Combined effort brought water deal

As I have said in the past, the wheels of government often turn slowly, however they do continue to turn. Most recently an agreement was signed between the RDOS and the District of Summerland to extend domestic water service to the community of Faulder. It was not a huge announcement, but it is most certainly a very significant and important one. If you have been following this issue, you may recall that the community of Faulder has had a number of water challenges over the past few years. Uranium in the groundwater supply necessitated the need to potentially drill a new well.

Water agreement signed (Faulder)

By John Arendt - Summerland Review Published: July 28, 2010 (link to story)

The municipality and the Regional District of Okanagan Similkameen have signed a memorandum of understanding for the provision of water for the Faulder area. The agreement puts the 80 residential properties in Faulder under the Summerland water system.

Faulder residents will be required to install water meters similar to those recently installed in Summerland homes and will be billed for their water use.

“This agreement is based on the principle of being a good neighbour,” said Coun. Gordon Clark.

Mayor Janice Perrino said Faulder residents need the agreement in order to provide them with a supply of clean water.

“Faulder residents have been in a crisis for quite a number of months,” she said. “This is a very minimal amount of water.”


What if we are not part of the Faulder water system (but might want to be)?

The RDOS supplies water to approximately 80 residences in Faulder through a formal service agreement. Residents within a well-defined service area (see map) agreed in 1993 to “hire” the RDOS to operate a well and provide water. In return, residents in the service area pay for all of the cost of the water system through their property taxes. These costs include capital debt repayment, operational costs, and an overhead charge by the RDOS. There are numerous residents along Princeton-Summerland Road and north of the service area who are “Faulder residents” but who are not part of the Faulder water system. These residents draw water from their own sources and, as a result, are not taxed by the RDOS for water provision. The logic behind a service area is that those who benefit from the service are taxed for its provision while those who do not benefit are not taxed.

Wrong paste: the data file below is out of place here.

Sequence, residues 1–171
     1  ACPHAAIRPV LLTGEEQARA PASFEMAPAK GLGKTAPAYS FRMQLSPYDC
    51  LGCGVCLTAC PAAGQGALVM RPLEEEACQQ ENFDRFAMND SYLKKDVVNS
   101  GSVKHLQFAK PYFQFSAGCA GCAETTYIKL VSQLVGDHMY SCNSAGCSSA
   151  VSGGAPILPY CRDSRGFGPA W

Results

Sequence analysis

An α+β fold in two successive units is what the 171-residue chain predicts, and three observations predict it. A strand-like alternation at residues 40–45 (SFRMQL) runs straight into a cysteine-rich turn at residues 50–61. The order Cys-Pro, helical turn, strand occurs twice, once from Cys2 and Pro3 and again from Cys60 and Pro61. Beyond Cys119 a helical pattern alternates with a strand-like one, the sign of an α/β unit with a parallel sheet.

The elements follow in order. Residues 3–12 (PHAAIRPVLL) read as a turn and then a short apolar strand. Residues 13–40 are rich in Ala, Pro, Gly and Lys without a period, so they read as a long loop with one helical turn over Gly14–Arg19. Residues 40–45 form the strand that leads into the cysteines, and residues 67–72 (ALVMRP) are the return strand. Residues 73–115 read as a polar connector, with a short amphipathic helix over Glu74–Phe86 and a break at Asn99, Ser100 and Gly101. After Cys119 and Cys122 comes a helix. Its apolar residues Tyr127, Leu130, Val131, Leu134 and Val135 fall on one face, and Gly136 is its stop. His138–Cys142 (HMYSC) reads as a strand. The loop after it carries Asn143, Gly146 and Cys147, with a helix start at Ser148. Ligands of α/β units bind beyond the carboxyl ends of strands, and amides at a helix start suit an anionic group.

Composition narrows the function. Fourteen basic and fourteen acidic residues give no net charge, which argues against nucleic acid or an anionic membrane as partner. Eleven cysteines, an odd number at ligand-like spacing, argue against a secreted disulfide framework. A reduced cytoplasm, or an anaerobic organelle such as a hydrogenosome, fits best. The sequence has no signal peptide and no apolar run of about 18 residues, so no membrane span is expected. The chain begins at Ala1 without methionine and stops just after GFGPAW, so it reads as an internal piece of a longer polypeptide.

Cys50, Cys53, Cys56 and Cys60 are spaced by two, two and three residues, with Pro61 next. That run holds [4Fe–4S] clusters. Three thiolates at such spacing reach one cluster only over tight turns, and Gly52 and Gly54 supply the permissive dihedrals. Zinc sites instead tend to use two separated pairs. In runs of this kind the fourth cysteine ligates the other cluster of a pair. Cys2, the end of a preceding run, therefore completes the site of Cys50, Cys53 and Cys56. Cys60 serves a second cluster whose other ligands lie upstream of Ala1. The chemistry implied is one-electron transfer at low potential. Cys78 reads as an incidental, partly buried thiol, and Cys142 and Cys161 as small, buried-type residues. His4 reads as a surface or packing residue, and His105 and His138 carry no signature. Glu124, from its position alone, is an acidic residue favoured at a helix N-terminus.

April 2010 Faulder Newsletter


A newsletter regarding the Faulder water system was mailed to all residents of Faulder just after Easter.  You can view an electronic copy by clicking on the picture on the left.

The newsletter is in preparation for the Faulder Community Meeting:
Monday, April 12, 2010
7p.m. - 9 p.m.
Summerland Library

See also the Faulder water pages on this site and  the main RDOS website.


Targa Bambina in Faulder

As you may have heard, a proposal is currently floating around to hold a Targa Bambina race in and around Faulder on the May long weekend. Please see this announcement.  As fun as this event sounds, it will not be fun for those along Fish Lake Road who will lose access to their property during a long weekend.

Update 23 Mar 10: From Targa Bambina: